New Zealand uses a MMP (mixed member proportional) parlimenary system. This is interesting and fun. You get two votes, one for your electorate seat, and the other a party votes. The electorate seats are a “normal” first past the post sort of election, whoever gets the most votes wins. But these seats only account for about half of parliment, the rest are apportioned based on party votes.

To get into parliment, your party must either (A) win an electorate seat, or (B) get 5%+ of the party vote. This means that for the large parties the electorate seats are not super-important, but the party vote is. For some of the very small parties, the electorate seat is totally vital, as if they only get 1.5% of the party vote it is the only way to get 1 or 2 members into parliment.

NZ is also very voter-friendly, as once you are on the rolls you can vote anywhere. Much easier than in the States! They also hold the election on a Saturday, which is much more convenient.

Watching the results roll in last night at Steve and Jennifers place was rather harrowing. At the start of the count National had a large lead (43% to 37% in party vote), but as the night wore on and more votes were counted, it got closer and closer. Eventually labor just managed to inch ahead (about 40.2% to 39.8%, exact number depending on special vote counts). This gives labor 50 seats, and national 49. And You need 61+ to form a goverment. A handful of smaller parties won seats including the Greens (6), New Zealand First (7), United Future (3), Jim Andersons Progressives (1- Jim!), ACT (2), and the Maori Party (4). This gives 124 saets, not the noral 120. This is due to “overhang” caused by the Maori party electorate victories. This is an interesting phenomina where a party wins more electorate seats than it would be “entitled to” based on their % of the party vote. So Parliment is temporarily expanded to even out the numbers.

We just hope that Helen Clark (the Labor leader) can manage to craft a coalition that manages a full 3 years. We don’t want to “pull an Italy”, and do this all again in 5 months. If National had managed a 1-seat majority, a short-lived government seems much mroe likely, as most of their potential coalition parters had “messy-self-destruction” written all over them. Probably because National spent a lot of election effort trying to wipe out and steal the voters from their two most obvious partners (ACT adn NZ First). I expect Winston (of NZ First), is not feeling very happy about National right now.

Democracy in action. It is much mre exciting when you have multiple parties. It was very refreshing to cast a ballot, without feeling I was just voting for the “lesser evil!”

It's dead. No, it's alive again. No, it's dead… No, wait…

What’s better than getting up bright and early and heading out for a day of back-breaking work on the farm ?
Doing it while fighting off a migrane !
The Bright Side: Hard labor *sometimes* makes Stephen’s migranes go away.

What’s better than having a burning hunk of gorse roll down out of your burn-pile into the standing bush, setting off a mini-brushfire which you have to spend an hour stamping out in the blowing ash and smoke (still with your migrane) ?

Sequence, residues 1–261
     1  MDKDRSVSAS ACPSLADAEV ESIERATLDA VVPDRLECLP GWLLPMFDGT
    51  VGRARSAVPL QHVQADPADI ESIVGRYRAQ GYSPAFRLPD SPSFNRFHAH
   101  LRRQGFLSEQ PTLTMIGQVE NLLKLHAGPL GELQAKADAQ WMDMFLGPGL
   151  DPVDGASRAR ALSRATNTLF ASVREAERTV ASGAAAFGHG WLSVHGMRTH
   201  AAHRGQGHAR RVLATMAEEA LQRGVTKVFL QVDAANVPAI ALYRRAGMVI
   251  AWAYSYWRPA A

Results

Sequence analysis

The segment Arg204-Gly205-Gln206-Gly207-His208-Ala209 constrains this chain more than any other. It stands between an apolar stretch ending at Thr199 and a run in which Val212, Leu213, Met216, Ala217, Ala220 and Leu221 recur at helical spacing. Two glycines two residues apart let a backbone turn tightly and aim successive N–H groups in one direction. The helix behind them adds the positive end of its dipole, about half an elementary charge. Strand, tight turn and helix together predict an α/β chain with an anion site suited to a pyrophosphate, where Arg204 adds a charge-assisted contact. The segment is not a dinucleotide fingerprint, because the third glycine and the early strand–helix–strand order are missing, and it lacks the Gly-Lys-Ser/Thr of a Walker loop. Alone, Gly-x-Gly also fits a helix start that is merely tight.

Having it reignite after you’ve come down off the hill for your lunch-break, and the neighbors call the fire department, and you have to go back up and stomp it all back out again !
The Bright Side: The firies said Stephen was doing everything right — burning uphill and downwind on a still day — didn’t reckon the fire was a hazard, and because Stephen has correctly called beforehand to let them know he was doing a burn, didn’t charge us for the callout. They just asked him to make sure it was out before dark, so they didn’t get another call that night.

What’s better than having the same ^&%$ fire re-start again, AFTER you’ve had a shower and gotten all clean, so you can go up and stomp it out a third time ?
Doing it all in the dark, because the sun’s gone down while you’re still finding little smoking patches and glowing embers.
The Bright Side: Your sweetie is home to help, and it’s easier to see embers in the dark.

What’s better than a poke in the eye with a sharp stick ?
A poke in the eye with a charred gorse stick, which deposits a big wad of ash smack into your contact lens, which drops out, never to be seen again.
The Bright Side: Losing a lens is better than losing an eye, and hey, a pile of smoking ash is at *least* as good a place to lose a contact lens as the catwalk over the bottomless crevasse in that cavern in Tennessee, or wherever it was I lost the *first* one, lo these many years ago. (Remember that, Mom ? I’d only had them, what, three weeks at that point ?)

What’s better than picking your way down off a hill in the dark, over uneven ground full of foot-high gorse stumps, sudden drop-offs and slippery patches of baked-smooth clay ?
Doing it with no depth perception !
The Bright Side: A shovel makes an adequate walking stick, and we did manage to get down without either of us twisting, breaking or spraining anything.

Oy vey, what a day ! As Sean noted later, at the game night which we had a good excuse to be late to, “Ah yes, the peaceful farming life.”


It was a good weekend.

It started well on Friday night when I picked up Tam from the airport. Yah! Sweetie is home! I discovered the best way to cruise the airport without paying for parking. If you are there less than 5 miutes it is free, and I discovered they have a special exit lane where there is no booth, just stick in your ticket, and so long as you are within 5 minutes, out you go. I discovered this after getting stuck with a $2 charge because I was stuck in queue behind people paying at the booth, and ran over 5 minutes.